Solitary confinement imposed far too often

Mar 17, 2016 By Matthew Friedberg

Placing inmates in solitary confinement happens far too often and the Ontario Human Rights Commission is quite right in calling for an end to its use in provincial jails, says Toronto criminal lawyer Matthew Friedberg.

"People who are suffering from serious mental health issues, for example, should not be in segregation — and they shouldn’t be in a regular provincial jail to begin with," he tells AdvocateDaily.com. 

"There should be a specialized detention centre where they can receive specialized, real help — that’s a big problem. There is a disproportionate number of people in jail with serious mental health issues and they simply don’t belong there."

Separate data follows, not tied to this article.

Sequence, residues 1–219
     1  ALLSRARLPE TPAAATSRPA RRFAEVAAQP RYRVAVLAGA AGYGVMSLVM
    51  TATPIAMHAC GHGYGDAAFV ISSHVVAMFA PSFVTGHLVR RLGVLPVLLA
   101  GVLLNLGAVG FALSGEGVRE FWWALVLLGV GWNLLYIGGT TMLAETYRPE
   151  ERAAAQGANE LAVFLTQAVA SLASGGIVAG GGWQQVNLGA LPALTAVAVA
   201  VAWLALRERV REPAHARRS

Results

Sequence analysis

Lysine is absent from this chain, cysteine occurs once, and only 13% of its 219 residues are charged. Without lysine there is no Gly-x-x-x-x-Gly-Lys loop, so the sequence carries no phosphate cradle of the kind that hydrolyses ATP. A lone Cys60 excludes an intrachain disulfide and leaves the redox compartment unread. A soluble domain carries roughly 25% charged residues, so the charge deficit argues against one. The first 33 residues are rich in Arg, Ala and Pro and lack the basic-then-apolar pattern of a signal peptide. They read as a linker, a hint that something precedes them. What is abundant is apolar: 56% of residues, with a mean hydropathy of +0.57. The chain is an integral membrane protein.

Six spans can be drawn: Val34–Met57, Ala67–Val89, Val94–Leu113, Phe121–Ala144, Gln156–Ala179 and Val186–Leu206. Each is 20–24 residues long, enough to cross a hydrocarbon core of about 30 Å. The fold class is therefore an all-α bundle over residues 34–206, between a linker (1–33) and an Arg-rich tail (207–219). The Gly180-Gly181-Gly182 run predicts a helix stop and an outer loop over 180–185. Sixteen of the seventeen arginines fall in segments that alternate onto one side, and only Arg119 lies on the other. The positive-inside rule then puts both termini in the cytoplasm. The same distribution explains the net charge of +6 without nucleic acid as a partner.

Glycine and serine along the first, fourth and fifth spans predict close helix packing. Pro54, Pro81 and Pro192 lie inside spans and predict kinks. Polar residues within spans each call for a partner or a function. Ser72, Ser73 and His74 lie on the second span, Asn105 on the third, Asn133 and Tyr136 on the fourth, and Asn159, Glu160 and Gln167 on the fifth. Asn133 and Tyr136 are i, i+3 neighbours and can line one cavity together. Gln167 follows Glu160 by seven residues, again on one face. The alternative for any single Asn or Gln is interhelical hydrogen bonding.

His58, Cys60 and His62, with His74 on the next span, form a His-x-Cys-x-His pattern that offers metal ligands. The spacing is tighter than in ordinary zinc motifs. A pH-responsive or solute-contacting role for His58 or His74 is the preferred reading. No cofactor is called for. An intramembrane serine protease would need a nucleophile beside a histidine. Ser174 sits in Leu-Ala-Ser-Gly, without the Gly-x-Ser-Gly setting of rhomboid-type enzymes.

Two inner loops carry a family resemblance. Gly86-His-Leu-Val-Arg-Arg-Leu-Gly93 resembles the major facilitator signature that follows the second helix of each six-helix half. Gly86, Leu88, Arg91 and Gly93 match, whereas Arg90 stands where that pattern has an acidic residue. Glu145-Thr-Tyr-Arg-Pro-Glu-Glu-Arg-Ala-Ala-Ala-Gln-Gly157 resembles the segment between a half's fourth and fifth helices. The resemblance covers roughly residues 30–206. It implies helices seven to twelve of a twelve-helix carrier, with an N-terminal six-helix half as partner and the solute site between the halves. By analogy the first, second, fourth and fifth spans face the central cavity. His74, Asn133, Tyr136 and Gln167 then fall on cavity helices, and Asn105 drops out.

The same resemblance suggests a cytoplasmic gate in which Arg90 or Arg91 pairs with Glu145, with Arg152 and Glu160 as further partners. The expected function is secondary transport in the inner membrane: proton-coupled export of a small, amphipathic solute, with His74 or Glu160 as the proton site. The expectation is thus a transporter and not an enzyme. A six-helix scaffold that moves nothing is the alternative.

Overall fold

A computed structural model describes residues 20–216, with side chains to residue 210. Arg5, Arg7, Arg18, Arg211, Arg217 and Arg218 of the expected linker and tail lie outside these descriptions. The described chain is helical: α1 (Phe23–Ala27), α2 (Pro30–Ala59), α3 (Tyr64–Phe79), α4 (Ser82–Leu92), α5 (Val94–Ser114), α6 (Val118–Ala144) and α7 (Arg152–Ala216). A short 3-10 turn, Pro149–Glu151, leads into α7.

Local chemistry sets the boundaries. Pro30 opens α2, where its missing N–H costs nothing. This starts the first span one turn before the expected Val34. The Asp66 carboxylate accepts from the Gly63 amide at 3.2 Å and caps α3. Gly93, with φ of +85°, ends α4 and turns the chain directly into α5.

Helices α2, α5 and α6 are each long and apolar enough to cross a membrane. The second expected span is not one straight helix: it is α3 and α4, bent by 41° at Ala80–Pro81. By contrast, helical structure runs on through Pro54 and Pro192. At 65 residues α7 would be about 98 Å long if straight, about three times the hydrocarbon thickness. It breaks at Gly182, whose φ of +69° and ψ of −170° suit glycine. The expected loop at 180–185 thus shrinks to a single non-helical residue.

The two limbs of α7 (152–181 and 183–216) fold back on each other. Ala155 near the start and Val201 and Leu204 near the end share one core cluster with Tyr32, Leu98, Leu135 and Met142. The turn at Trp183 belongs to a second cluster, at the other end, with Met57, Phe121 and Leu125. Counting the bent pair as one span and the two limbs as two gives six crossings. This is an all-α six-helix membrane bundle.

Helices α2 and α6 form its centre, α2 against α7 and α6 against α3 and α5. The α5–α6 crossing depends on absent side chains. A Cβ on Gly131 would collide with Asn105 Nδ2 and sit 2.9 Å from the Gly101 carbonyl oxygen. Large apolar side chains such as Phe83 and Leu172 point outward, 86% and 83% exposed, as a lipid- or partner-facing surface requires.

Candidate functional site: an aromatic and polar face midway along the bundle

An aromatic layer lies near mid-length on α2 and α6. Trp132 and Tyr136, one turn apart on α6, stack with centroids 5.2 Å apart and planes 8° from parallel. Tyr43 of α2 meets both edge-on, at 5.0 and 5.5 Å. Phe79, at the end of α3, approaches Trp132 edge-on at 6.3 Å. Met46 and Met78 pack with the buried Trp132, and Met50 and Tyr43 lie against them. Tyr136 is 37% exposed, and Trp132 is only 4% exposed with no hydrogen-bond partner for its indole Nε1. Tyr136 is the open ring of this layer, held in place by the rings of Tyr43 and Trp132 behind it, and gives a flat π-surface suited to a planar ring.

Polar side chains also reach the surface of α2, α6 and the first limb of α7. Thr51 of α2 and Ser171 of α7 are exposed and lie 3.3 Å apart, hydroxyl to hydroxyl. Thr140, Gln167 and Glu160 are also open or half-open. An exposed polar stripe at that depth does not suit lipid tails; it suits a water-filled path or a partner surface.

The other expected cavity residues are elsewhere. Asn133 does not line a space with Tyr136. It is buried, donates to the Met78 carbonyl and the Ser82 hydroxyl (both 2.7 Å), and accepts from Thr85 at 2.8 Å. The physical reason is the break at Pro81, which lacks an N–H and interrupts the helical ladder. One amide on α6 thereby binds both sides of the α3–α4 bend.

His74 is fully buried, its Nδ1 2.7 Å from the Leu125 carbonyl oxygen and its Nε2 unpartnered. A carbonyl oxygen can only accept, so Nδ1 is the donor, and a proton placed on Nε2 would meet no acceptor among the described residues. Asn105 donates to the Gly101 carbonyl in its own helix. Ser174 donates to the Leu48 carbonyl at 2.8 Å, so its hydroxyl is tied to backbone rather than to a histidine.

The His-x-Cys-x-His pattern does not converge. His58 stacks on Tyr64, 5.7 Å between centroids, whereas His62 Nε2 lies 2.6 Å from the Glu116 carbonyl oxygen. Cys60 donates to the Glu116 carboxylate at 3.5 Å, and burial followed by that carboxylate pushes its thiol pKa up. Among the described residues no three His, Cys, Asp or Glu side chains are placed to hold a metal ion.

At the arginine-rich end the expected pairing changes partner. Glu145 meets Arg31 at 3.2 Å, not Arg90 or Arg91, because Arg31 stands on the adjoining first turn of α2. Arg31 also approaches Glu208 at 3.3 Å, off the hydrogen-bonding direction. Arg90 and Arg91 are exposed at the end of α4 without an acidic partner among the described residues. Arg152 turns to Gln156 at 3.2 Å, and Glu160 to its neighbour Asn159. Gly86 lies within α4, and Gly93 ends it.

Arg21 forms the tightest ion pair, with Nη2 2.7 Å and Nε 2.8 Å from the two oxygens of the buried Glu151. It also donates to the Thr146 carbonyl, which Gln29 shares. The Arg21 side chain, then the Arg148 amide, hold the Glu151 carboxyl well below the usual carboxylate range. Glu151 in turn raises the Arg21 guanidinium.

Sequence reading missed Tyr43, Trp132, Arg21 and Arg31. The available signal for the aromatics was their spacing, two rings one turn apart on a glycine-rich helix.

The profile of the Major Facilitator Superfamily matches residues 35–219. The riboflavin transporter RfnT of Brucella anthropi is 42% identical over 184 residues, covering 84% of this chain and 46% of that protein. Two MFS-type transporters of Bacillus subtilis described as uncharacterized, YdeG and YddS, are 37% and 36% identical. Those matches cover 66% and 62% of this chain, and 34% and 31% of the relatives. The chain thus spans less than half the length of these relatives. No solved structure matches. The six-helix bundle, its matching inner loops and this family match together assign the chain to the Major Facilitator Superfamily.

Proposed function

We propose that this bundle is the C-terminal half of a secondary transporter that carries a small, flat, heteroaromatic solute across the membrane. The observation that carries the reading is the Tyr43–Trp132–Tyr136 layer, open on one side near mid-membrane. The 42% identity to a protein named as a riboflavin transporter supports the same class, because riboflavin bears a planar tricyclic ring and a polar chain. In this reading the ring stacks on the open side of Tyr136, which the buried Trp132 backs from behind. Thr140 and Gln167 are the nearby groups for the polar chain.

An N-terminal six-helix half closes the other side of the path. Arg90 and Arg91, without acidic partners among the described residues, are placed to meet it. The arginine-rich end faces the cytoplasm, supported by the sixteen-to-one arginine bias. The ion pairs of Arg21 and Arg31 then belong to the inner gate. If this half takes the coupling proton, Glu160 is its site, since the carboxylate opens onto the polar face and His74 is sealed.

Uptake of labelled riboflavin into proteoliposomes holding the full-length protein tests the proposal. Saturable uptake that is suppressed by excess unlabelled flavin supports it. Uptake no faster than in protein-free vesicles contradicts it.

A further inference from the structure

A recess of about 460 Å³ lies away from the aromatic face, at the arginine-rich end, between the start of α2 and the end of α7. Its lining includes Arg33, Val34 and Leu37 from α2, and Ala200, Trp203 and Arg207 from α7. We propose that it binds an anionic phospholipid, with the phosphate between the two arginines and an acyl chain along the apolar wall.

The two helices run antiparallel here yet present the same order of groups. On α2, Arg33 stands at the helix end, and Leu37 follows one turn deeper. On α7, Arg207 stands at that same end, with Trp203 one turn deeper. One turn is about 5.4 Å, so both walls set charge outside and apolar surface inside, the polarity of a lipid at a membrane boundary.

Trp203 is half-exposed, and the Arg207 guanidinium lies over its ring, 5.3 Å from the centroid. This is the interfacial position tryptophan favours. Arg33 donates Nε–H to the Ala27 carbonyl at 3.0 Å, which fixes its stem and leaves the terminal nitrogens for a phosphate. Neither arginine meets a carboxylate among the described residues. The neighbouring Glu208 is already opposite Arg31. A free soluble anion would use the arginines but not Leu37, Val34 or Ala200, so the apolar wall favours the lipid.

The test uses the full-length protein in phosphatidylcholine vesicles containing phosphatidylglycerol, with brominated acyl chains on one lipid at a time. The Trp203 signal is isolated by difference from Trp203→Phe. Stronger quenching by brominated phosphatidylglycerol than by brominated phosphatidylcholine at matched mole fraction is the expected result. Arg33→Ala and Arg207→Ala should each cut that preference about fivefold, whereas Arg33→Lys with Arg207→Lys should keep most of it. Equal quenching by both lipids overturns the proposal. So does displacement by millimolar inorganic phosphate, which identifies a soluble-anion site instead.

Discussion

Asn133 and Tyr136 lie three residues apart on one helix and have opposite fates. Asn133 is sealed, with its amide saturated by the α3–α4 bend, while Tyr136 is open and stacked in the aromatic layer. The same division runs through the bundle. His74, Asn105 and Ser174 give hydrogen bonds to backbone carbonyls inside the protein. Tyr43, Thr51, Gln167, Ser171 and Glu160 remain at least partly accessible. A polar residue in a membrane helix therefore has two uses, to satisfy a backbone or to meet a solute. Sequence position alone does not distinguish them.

Friedberg weighs in on the issue after Chief Commissioner Renu Mandhane asked the province to publicly commit to ending the practice and immediately restrict its use, reports the Toronto Star.

"We believe that it has a discriminatory and disproportionate impact on code-protected groups — namely, racialized individuals, people with mental health issues and women," says Mandhane.

Mandhane, an expert in international human rights law, says in the article that solitary confinement is often used to manage offenders with mental health disabilities, and the practice must stop.

"Because segregation is an option, it has not put pressure on the prison structure to create other forms of dealing with the complex needs of some of the prisoners in the population," she said.

 

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